Support in a crisis
Health and wellbeing
In an emergency
If you or someone else has experienced an incident and/or someone is at immediate risk of serious harm, call 999.
On campus you can also call (0)23 9284 3333 for Campus Security. You should save this number to your phone.
If you need medical help fast, but it’s not a 999 emergency, contact the NHS 24-hour helpline on 111. This is the number to call for mental health crises.Click here to call Campus Security now
During office hours:
Student Wellbeing Service
The Student Wellbeing Service is open from Monday – Thursday, 8.30am–5.00pm; Friday, 8.30am – 4.00pm.
Daily advice sessions are available on a first-come first-served basis. Phone +44 (0)23 9284 3466 to find out times and book a slot. Let the administrator know if you are in need of urgent crisis support, as it may be more appropriate to contact emergency services.
In the event of a serious mental health or psychiatric problem, you can contact a duty practitioner from the Student Wellbeing Service on +44 (0)23 9284 3466 for consultation or to arrange a possible urgent assessment with NHS mental health services.
The consultation service is also available to anyone who is concerned about a student, including fellow students, parents and staff.Click here to call the Student Wellbeing Service now
Out of hours
If you need to talk to someone outside our normal opening hours:
- Contact Campus Security on (0)23 9284 3333 who can contact the out of hours support team – this could be someone from the Res Life team or the University Chaplaincy Service
- Use the SOS Call function on the WhatsUp app to connect to a 24/7 multilingual helpline and talk to a trained mental health professional straight away
- To text for help, use the SOS Text button in the WhatsUP app or text CAM to 85258 to get through to the 24/7 Shout Crisis messenger service
- Visit the Togetherall moderated peer support community
- For anonymous support, consider contacting the Samaritans – they provide a 24-hour listening service on 116 123
- Contact your local doctor (GP) who has 24-hour responsibility for your care
If you feel at risk of taking your own life
Many people who have thought about or attempted suicide feel grateful later that they did not act or succeed with that impulse.
If you have harmed yourself or you are thinking about doing so now, please use the emergency advice above. When you speak to someone, make it clear you feel at risk.
Alternatively, please try the following options:
Seeing a doctor
During GP opening hours you may be able to get an emergency appointment.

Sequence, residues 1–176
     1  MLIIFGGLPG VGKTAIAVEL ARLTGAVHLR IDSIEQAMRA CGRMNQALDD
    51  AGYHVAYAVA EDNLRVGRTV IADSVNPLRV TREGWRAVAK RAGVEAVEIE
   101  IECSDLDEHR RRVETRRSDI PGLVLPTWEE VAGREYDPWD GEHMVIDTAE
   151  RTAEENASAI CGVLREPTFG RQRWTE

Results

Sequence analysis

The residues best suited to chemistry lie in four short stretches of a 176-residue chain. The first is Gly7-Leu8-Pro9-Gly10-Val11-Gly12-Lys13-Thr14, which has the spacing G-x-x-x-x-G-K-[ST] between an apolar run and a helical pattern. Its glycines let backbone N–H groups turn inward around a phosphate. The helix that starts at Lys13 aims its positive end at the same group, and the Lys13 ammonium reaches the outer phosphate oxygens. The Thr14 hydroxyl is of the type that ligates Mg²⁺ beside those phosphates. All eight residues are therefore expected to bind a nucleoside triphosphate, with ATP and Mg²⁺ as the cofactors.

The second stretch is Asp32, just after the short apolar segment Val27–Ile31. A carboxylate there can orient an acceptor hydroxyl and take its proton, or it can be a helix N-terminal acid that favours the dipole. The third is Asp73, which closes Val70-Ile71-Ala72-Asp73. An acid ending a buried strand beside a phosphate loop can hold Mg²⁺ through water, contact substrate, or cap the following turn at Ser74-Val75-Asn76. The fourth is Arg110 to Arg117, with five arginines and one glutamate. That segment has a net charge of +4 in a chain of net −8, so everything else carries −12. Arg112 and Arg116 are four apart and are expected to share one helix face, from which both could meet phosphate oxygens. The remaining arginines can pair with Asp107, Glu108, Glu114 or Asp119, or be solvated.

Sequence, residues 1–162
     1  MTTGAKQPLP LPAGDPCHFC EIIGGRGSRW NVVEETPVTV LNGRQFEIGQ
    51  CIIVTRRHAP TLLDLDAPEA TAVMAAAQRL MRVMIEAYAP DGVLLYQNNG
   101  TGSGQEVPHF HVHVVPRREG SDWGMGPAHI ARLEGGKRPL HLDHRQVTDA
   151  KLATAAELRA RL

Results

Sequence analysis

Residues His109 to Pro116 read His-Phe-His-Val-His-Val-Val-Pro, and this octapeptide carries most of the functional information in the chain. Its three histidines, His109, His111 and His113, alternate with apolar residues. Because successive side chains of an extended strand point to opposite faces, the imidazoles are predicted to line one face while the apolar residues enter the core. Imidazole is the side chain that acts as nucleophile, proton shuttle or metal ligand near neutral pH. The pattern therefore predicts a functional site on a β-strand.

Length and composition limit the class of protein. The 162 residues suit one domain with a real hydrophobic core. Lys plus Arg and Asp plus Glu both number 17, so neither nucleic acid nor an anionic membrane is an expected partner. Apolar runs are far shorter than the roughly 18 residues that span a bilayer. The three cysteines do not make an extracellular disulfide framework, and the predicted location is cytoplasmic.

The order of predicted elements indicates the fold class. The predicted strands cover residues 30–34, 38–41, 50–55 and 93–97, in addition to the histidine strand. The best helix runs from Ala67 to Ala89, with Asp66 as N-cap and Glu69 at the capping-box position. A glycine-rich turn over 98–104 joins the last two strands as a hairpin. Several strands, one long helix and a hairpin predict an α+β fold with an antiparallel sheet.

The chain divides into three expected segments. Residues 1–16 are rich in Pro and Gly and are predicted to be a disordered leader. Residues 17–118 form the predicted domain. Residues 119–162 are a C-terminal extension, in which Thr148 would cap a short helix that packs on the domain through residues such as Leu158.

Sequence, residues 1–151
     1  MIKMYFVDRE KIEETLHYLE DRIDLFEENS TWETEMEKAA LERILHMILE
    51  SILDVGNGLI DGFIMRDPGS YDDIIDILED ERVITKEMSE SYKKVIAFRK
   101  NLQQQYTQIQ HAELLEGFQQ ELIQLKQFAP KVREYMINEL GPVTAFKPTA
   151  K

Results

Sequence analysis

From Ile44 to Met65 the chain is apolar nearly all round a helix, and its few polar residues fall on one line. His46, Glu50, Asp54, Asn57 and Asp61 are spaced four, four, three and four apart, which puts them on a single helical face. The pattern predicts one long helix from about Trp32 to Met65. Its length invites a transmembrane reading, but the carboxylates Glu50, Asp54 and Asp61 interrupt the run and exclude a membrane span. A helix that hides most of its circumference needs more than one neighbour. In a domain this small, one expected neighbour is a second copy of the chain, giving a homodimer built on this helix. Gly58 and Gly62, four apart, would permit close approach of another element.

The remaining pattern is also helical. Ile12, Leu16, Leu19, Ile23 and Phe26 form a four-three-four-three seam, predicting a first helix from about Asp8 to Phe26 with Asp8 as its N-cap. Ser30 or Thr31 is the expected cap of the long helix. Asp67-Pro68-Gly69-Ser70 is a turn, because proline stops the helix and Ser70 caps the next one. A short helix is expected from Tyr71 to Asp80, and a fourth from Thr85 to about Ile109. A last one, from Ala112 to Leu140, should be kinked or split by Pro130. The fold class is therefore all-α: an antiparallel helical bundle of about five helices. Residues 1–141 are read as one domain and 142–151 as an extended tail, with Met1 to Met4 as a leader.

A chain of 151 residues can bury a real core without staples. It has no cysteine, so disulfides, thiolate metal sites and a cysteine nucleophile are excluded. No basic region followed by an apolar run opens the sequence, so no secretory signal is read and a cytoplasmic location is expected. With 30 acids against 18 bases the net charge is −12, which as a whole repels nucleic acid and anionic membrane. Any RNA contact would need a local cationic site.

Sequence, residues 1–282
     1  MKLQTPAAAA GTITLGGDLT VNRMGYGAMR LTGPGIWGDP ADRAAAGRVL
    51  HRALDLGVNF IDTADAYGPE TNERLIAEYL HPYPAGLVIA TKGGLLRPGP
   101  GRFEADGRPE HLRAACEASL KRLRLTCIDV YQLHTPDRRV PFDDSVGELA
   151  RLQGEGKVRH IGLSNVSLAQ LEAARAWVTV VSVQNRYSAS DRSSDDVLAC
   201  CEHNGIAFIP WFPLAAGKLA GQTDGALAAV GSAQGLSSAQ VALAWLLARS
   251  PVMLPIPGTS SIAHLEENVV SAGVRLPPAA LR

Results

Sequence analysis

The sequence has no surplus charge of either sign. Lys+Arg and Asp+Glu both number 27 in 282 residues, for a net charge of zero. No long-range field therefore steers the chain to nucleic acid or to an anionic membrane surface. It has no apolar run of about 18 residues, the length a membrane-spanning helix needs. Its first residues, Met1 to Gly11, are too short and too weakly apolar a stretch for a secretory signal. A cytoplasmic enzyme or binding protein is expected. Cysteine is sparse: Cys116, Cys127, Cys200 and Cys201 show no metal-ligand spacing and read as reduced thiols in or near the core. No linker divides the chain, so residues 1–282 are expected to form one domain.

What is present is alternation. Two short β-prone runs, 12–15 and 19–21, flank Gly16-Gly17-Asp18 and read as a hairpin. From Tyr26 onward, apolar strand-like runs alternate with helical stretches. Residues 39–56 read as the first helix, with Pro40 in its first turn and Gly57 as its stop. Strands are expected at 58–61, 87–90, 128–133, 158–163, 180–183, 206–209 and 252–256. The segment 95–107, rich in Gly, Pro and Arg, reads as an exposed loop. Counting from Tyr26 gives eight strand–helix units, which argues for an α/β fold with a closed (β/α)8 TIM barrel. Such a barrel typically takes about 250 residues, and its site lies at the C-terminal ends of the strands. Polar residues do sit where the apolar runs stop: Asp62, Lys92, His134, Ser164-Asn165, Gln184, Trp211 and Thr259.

St Mary's NHS Treatment Centre
If you are not registered with a doctor in Portsmouth then you can call +44 (0)33 3200 1822 to see if you can be seen at the St Mary’s walk-in treatment centre.
Accident and Emergency Department
Go to A&E if you can get a friend to accompany you. If not, phone 999 and let the staff know that you're feeling unsafe and at risk of harming yourself.
Helplines and websites
Talking honestly to someone about how you are feeling can really help. You can access our Student Wellbeing Service 24/7 multilingual helpline to speak to a trained mental health professional immediately at any time. You can also use the helpline to request ongoing counselling and can specify you would like a counsellor from a specific ethnicity or other cultural background (eg LGBTQ+) and in most languages. Phone the Samaritans free on 116 123 or use the CAM Crisis Messenger service by texting CAM to 85258.
You might also find these websites helpful:
- Togetherall – An online community for anonymous peer to peer support, moderated 24/7 by trained professionals. Register with your University of Portsmouth email address to set up your anonymous user name.
- Papyrus – The national charity dedicated to the prevention of young suicide. They can provide you with confidential advice and support.
- SupportLine – Confidential telephone helpline and web pages with support on the issue of suicide.
- Students Against Depression – Student-focused advice and resources for those affected by low mood, depression and suicidal thinking.
Create a safety plan
Develop a safety plan for times when you're feeling low. A safety plan can help you make sense of your suicidal thoughts and learn strategies for surviving them. And can keep you safe when you're at risk.
Use this safety plan worksheet from Students Against Depression to develop your safety plan.
Think about making an appointment with the Student Wellbeing Service to discuss how you feel with a member of the team. We can help you think through your safety plan and build strategies for keeping yourself safe.